Friday, November 25, 2016

All-French program under Morlot travels from the sedate to spheres that scintillate

Conductor Ludovic Morlot made his debut with the Oregon Symphony last Saturday (November 19) at the Arlene Schnitzer Concert Hall, leading the orchestra in a program of music by French composers that ranged from quietly sublime to wild exuberance. For the first half of the program, Morlot, Music Director of the Seattle Symphony since 2011, delved into the beautiful subtleties and stately music of Claude Debussy and Ernest Chausson. In the second half he moved into the flashier realm, collaborating with pianist Stephen Hough in a brilliant performance Camille Saint- Saëns Concerto No. 5 (“Egyptian”) before concluding the evening with an stunning interpretation of Maurice Ravel’s “La Valse.”

Hough has made an award-winning recording of all Saint-Saëns concertos under the Hyperion label, and played the Egyptian Concerto with the Oregon Symphony in 2001. So it was perhaps no wonder that he would again give an impeccable performance of the Saint-Saëns with the orchestra once again. Right off the top, Hough fashioned immaculate runs that sparkled with joy and, augmented by the orchestra, created surging phrases that glowed with warmth. In the second movement, he accented the Nubian love song with voicing that sounded as if a woodwind was playing with him. He tore up the keyboard in the last movement, cruising through tricky rhythms and polishing the filigree with élan. After finishing the piece, Hough was recalled back to the stage several times by the audience, and he then transfixed everyone with a simple, quiet encore, Jules Massenet's "Crépuscule ("Twilight").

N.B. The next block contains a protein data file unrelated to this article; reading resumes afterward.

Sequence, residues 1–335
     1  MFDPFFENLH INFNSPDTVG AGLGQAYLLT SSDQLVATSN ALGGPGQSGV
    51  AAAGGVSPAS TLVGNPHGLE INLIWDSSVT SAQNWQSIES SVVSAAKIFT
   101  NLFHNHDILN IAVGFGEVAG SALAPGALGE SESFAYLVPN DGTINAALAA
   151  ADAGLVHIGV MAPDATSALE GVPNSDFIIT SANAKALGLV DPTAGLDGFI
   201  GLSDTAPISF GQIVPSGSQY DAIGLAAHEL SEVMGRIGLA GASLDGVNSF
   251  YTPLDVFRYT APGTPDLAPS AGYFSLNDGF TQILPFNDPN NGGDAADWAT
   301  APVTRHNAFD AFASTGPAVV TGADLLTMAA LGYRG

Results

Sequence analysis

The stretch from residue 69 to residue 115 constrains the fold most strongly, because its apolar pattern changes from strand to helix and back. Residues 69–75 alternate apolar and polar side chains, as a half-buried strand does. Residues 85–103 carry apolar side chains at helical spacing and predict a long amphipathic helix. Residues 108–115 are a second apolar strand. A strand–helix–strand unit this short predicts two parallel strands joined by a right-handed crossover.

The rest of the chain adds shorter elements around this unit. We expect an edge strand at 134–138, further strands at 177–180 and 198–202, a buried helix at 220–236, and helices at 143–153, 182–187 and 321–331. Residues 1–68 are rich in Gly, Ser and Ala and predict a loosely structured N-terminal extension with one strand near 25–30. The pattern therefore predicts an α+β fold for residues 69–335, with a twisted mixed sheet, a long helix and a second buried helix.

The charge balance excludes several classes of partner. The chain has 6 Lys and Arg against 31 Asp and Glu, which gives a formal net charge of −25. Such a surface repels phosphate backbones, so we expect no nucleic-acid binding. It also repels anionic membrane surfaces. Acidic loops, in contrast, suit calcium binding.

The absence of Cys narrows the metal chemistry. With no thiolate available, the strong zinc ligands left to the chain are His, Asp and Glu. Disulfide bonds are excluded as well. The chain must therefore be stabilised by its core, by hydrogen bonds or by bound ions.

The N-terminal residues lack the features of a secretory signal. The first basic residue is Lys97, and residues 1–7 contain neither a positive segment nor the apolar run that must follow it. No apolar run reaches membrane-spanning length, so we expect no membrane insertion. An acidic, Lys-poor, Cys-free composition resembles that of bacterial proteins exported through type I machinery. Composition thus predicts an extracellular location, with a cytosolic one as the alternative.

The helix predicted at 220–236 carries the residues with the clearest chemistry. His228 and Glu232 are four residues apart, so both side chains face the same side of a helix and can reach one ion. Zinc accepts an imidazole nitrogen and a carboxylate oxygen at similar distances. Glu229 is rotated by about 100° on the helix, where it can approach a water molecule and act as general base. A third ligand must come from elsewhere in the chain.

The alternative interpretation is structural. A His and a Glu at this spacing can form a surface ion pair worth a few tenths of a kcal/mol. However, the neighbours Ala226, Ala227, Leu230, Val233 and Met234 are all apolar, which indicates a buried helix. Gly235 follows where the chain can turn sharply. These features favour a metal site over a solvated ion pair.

The orchestra under Merlot’s direction gave Ravel’s “La Valse” a luminous performance with outstanding attention to dynamics and nuances, such as accelerating quickly and slowing down straight away, to give the music a fresh spontaneous feeling. Wonderful glissandos from the strings, gliding woodwinds, cranking contra-bassoon (Evan Kuhlmann), and snappy sforzandos were expressed with a genuine spirit de corps. The instrumentalists kept a keen eye on Morlot, who, conducting the piece from memory, got so caught up in the music making that he dropped his baton and ended up using his elbows, shoulders, and head to accentuate the swirl of the waltz into a riotous finale.

Debussy’s “Cortége air de danse” from his one-act cantata “L’enfant prodigue” (“The Prodigal Son”) received a marvelously intimate performance by the orchestra. Delightfully languid phrasing by principal flutist Martha Long highlighted the delicate nature of the music, making many listeners wish that the piece wouldn’t end so quickly.

Chausson’s Symphony in B-flat Major opened somberly with Wagnerian overtones that were terrifically expressed by the orchestra. After the orchestra broke into a spring-like melody, it seemed that we were clearly taken into the heart of French Romanticism, but the beautiful sonorities of second movement, “Très lent,” were sleep inducing and caused many heads in the audience to bow before being awakened by a glorious brass choir and the timpani. Principal clarinetist James Shields principal trombonist Daniel Cloutier, and principal trumpeter Jeffrey Work deserved praise for their evocative playing in the final movement, which ended in a stately and subdued way that was anticlimactic. It was fun to hear the little snippet of melody that Dvořák may have lifted directly into his Ninth Symphony (Morlot pointed that out in his opening remarks). But Chausson’s Symphony made me wonder about the direction of the piece – where did the music intend to go?

Outside of the Ravel, Morlot conducted with an economical yet evocative style that seemed to connect well with the orchestra and the audience. It would be terrific to get him back with a program that would go beyond the boundaries of his homeland (he was born in Lyon).


PS: After exchanging email with Jim Fullan at the Oregon Symphony, I found out that name of the encore that Hough played. So I've corrected the review to reflect that.

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